Laurier: The First Canadian


663 pages
Contains Illustrations, Bibliography, Index
ISBN 0-7715-9567-0
DDC 971




Reviewed by J.L. Granatstein

J.L. Granatstein is a history professor at York University and author of
War and Peacekeeping and For Better or For Worse.


Joseph Schull was a very successful writer of popular history when he died in 1980. His books on the Royal Canadian Navy in World War II, on the troubled politician Edward Blake, and on the 1837 Rebellion made him well known and highly regarded. His biography of Laurier, published in 1965 and now reprinted without alteration, was similarly hailed at its appearance.

Whether the publishers made a wise decision in reprinting from the original plates without corrections and additions to take account of new evidence and interpretation, however, is arguable. In the almost quarter century since Schull wrote, dozens of scholars have looked at Laurier and at aspects of his era. There have been theses and books on Quebec politics, on railways, on French-English conflict — indeed, on every aspect of the Laurier era. How, for example, could a biography of Laurier be written today without taking into account the two-volume biography of Sir Robert Borden, the old chief’s main adversary?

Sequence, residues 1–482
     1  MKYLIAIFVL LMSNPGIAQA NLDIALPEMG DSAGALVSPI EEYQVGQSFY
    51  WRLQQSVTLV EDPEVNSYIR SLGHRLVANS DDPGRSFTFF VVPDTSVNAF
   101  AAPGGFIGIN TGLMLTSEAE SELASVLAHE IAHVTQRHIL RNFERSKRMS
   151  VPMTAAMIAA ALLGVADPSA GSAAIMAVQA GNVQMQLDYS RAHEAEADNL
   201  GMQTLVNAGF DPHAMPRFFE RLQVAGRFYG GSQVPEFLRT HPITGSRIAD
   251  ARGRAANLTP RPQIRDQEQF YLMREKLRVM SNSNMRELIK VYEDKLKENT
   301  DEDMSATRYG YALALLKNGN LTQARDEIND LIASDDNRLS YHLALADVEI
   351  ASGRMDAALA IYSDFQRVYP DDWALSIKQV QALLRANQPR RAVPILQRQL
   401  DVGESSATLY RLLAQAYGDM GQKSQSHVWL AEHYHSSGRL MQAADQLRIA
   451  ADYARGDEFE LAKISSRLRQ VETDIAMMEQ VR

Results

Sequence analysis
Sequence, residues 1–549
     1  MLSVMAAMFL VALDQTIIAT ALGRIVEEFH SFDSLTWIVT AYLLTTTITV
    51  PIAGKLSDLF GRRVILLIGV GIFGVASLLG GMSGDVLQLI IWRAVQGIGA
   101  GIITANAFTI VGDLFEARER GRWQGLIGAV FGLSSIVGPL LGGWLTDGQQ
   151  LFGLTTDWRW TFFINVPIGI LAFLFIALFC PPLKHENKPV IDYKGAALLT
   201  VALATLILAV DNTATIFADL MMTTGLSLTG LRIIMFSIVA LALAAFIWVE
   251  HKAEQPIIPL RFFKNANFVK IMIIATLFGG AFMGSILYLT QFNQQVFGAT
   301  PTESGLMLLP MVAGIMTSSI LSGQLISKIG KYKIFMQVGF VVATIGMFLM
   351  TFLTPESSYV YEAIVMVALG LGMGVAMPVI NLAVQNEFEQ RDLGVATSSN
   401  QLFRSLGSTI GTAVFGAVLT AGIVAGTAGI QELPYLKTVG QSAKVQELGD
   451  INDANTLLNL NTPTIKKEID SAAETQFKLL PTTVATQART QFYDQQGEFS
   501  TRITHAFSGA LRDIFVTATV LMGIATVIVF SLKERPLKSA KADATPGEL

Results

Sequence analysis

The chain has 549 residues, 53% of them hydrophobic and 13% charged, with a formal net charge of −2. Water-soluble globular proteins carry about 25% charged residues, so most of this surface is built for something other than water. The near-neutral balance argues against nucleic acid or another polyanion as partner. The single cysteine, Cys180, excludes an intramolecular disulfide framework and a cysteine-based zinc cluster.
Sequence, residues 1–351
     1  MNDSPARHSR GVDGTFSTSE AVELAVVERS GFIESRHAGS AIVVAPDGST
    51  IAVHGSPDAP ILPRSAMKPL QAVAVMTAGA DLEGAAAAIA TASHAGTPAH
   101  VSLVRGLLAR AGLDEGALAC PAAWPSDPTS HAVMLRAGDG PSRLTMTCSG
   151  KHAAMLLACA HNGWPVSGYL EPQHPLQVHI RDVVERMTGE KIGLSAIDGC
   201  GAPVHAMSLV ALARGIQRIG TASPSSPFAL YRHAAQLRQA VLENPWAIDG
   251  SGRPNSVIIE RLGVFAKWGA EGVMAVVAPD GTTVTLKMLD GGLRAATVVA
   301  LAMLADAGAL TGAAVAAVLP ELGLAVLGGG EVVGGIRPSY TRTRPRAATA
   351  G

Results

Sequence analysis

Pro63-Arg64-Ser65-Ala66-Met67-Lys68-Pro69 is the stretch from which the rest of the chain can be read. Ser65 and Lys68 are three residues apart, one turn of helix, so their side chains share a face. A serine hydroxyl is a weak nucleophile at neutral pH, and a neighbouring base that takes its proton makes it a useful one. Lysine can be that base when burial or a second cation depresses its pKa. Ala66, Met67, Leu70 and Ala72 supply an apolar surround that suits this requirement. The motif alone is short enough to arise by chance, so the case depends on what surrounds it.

The effect of this failure to update the book is that Schull’s study remains frozen in time. As such, it can still be read for pleasure as a well-written popular account of one of the greatest of all Canadians, “The First Canadian,” as Schull describes him. But no one who uses this book for research or in the hope of finding out what current scholarship has to say should do so with any illusions. Laurier, The First Canadian is not definitive and not up-to-date.



Schull, Joseph, “Laurier: The First Canadian,” Canadian Book Review Annual Online, accessed May 28, 2024,